Anne Hotta and Yoko Ishiguro set out to create a guidebook to help English speakers navigate Japan’s innumerable onsen, and they produced an amazing resource in A Guide to Japanese Hot Springs. Despite some downsides (see below), it remains a great resource for onsen lovers.

Note: This book is designed for true onsen enthusiasts, who won’t be satisfied with visiting just one, two or even three hot springs. Unless you plan on visiting several onsen – or you travel to Japan often – you probably don’t need this book.

As mentioned above, A Guide to Japanese Hot Springs has some drawbacks. It was published in 1986 and hasn’t been updated, so the first thing you’ll notice is that it feels a bit old-fashioned.

It’s also a bit disappointing that it doesn’t include more photos, since one of the highlights of visiting onsen is the natural beauty surrounding them. And despite its wealth of information, it’s not the easiest book to navigate. Until you get used to the way it’s organized, it can be hard to know where to begin or how to find what you’re looking for.

Fortunately, the pros heavily outweigh the cons. Despite being from 1986, the bulk of its information remains true and relevant (things don’t change very quickly in the world of hot springs).

Some details have inevitably changed in the past 30 or so years, but as a guide to Japan’s onsen this book remains an amazing jumping-off point.

Where A Guide to Japanese Hot Springs truly shines is in the actual content. The authors make up for the lack of photos with their vivid descriptions, and they’re clearly passionate about every aspect of the onsen experience.

The book is divided into regions of Japan, with each section containing several onsen the authors recommend (the book features 160 hot springs in all). Each onsen’s description contains both essential information, as well as interesting tidbits that add to the book’s flavor.

Details you’ll find for each onsen include: location; contact details and access (some of this is outdated); the water’s chemical composition, as this varies greatly from hot spring to hot spring; the health benefits of each onsen; information on local festivals; and more.

While English speakers can now find much of this information online, it’s very convenient to have it all compiled in one little book. If you love onsen or dream of an onsen-hopping trip around Japan, this book is for you.

Obtain from Amazon: A Guide to Japanese Hot Springs

Kyushu Japan Beppu onsen hot spring
Steaming onsen (hot springs) at Beppu, on Kyushu island

Drinking Japan: A Guide to Japan’s Best Drinks and Drinking Establishments

By Chris Bunting

Drinking Japan A Guide to Japans Best Drinks and Drinking Establishments By Chris Bunting

Drinking Japan: A Guide to Japan’s Best Drinks and Drinking Establishments is an ode to Japan’s drinking culture.

The author, Chris Bunting, is passionate about drinking (in a good way), and he took on the arduous task of traveling all over Japan to document Japan’s varied and colorful drinking landscape.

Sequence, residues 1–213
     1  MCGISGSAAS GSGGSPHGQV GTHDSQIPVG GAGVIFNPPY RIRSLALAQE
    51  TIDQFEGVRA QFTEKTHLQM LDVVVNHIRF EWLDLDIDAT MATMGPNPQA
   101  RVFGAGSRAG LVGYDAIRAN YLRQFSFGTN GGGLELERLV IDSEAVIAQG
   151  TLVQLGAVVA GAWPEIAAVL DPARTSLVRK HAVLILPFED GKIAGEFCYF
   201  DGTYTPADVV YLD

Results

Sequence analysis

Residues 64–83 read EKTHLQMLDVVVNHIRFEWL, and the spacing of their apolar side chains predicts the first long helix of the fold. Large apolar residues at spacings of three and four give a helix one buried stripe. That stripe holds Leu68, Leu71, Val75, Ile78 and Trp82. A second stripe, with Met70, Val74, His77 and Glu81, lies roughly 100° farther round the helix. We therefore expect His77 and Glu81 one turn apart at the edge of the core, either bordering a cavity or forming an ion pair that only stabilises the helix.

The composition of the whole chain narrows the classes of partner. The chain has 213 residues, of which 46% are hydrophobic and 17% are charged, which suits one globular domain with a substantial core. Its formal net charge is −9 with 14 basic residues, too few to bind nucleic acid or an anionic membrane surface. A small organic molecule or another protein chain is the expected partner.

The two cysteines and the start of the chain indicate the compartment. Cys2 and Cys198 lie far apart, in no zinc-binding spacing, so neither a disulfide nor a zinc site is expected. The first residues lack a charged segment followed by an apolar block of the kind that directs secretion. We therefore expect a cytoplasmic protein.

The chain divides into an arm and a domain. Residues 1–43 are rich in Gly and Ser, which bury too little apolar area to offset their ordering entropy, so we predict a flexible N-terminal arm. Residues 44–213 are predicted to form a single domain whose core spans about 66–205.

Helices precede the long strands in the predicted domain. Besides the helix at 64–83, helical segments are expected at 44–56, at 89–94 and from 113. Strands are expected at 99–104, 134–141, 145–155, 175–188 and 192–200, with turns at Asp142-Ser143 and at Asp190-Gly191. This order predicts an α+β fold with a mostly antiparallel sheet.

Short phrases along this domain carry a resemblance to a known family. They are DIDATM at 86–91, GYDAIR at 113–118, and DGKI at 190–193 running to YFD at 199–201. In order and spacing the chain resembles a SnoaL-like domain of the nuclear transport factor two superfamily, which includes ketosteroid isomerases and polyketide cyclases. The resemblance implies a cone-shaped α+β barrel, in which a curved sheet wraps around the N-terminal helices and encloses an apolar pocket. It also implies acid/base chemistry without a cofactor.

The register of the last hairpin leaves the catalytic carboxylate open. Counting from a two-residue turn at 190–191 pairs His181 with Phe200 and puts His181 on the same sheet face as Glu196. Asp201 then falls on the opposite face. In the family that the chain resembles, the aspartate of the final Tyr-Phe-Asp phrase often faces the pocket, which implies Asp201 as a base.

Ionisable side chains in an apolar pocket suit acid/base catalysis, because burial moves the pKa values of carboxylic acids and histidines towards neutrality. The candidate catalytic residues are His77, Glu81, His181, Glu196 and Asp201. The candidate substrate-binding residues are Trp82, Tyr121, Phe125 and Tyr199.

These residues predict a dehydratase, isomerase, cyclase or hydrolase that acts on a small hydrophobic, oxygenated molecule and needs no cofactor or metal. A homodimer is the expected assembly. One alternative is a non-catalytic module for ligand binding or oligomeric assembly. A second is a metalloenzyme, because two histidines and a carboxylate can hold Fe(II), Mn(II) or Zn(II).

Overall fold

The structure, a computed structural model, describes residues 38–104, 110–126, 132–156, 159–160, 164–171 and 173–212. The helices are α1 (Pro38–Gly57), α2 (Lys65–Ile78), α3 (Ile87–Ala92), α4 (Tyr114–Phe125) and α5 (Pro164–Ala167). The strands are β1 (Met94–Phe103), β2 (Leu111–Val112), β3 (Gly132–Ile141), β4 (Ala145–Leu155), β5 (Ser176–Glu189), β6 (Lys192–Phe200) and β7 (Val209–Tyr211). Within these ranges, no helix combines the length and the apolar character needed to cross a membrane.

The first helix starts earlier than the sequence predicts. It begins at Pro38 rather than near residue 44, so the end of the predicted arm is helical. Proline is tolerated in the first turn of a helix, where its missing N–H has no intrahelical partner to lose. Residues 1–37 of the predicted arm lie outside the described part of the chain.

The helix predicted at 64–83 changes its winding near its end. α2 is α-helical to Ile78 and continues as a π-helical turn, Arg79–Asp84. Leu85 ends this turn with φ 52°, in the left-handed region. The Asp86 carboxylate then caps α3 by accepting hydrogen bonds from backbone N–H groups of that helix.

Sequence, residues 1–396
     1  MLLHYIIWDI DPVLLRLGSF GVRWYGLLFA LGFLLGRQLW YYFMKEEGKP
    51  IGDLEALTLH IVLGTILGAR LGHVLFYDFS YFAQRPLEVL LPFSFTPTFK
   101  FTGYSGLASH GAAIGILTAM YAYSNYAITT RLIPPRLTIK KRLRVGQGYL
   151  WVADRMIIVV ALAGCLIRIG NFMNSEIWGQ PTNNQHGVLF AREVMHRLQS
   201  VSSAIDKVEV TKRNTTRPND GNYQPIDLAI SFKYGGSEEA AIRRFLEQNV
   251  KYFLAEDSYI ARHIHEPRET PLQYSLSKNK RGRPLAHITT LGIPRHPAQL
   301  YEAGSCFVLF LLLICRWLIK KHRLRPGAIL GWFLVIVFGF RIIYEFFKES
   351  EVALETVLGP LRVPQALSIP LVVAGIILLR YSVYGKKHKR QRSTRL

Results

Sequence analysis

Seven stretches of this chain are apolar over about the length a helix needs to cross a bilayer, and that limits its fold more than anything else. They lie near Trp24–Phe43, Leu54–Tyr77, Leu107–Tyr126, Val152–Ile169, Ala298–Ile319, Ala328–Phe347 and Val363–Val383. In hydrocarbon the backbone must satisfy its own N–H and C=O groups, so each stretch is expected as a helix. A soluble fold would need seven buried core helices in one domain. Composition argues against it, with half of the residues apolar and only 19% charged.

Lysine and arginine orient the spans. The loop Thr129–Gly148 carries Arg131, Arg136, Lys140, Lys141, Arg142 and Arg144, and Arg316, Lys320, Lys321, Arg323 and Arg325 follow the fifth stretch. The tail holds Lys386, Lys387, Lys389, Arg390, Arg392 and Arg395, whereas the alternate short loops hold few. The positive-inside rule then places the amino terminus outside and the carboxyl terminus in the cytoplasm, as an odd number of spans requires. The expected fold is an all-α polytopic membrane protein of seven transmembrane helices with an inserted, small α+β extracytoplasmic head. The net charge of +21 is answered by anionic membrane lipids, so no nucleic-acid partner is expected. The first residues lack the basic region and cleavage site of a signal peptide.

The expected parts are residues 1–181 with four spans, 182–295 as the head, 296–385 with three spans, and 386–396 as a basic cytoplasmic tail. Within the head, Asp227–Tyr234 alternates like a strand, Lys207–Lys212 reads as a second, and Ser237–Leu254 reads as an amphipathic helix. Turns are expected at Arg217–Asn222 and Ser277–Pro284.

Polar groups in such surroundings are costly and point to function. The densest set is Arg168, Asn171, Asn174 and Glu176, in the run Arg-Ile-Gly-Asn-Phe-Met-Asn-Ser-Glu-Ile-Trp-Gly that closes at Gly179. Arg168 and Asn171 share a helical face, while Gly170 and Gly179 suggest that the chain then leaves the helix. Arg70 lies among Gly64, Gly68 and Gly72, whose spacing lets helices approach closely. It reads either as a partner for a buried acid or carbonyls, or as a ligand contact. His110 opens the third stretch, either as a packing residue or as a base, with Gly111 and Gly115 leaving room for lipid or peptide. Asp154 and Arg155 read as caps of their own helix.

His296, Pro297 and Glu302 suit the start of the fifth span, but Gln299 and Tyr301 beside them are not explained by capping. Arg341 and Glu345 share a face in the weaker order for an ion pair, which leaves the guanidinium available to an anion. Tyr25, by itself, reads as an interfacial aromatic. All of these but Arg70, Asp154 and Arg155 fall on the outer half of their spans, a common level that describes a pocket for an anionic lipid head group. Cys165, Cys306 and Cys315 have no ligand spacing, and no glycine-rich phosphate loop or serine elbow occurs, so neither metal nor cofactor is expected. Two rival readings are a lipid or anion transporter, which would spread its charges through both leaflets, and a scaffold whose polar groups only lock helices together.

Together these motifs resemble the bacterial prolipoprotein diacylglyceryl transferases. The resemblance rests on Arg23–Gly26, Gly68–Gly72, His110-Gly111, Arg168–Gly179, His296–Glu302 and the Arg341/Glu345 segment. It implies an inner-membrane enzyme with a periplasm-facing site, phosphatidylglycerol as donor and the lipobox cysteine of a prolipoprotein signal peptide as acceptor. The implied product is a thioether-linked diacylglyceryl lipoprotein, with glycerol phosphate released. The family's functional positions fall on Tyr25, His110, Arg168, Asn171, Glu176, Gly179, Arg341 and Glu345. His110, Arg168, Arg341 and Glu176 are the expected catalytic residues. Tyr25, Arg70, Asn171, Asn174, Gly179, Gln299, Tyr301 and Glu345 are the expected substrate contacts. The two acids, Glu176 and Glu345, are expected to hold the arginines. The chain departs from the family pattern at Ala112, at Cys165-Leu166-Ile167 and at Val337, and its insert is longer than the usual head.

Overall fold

The book starts off with a history of alcohol and drinking in Japan, as well as an overview of the many different types of drinking establishments you’ll come across.

Being able to distinguish between izakayas, “snacks”, “pubs” and “bars” is surprisingly difficult for visitors to Japan, and the differences will surprise you!

The heart of the book is dedicated to individual chapters about each of Japan’s most important beverages:

  • Sake (nihonshu in Japanese)
  • Shochu, Japan’s most well-known distilled spirit
  • Whisky (the author founded the Japanese whisky-focused website Nonjatta)
  • Beer, with an emphasis on craft beers
  • Wine, an up-and-coming industry in Japan
  • And awamori, Okinawa’s distilled alcohol

Each chapter includes everything a traveler needs to know, including a brief history of the drink; varieties that exist; what to look for; and recommended drinking establishments in Tokyo and beyond.

Sake, beer and shochu are ubiquitous in Japan, but this book focuses mainly on specialty sake bars, craft beer bars, whisky bars and the like.

The establishments featured are scattered throughout Japan, though a little more than half of them are in Tokyo and the surrounding area. You’ll also find places to drink in destinations like Kyoto, Hiroshima, Sapporo, Takayama and Okinawa.

Whether you’re a sake novice, craft beer lover, whisky connoisseur – or simply interested in Japanese culture – this is a great resource to pack along for your trip to Japan.

Obtain from Amazon: Drinking Japan: A Guide to Japan’s Best Drinks and Drinking Establishments

Japanese sake
(photo by macglee via Compfight)

We hope these wonderful specialty guidebooks get you more excited about your trip, and help you get more out of your visit to Japan!

These specialty Japan guidebooks focus on Japanese food, the old shops of traditional Kyoto, onsen, and Japan's drinking culture (including sake & izakayas).
Japan Travel Tips

About Andres Zuleta

Andres is the founder of Boutique Japan.

Unlike a lot of travel companies, we don’t work from a cubicle!

In 2005, I first moved from New York City to Tokyo to study Japanese, and living in Tokyo changed my life, leading me to want to dedicate my life to helping others really experience Japan, the way I have been able to do so!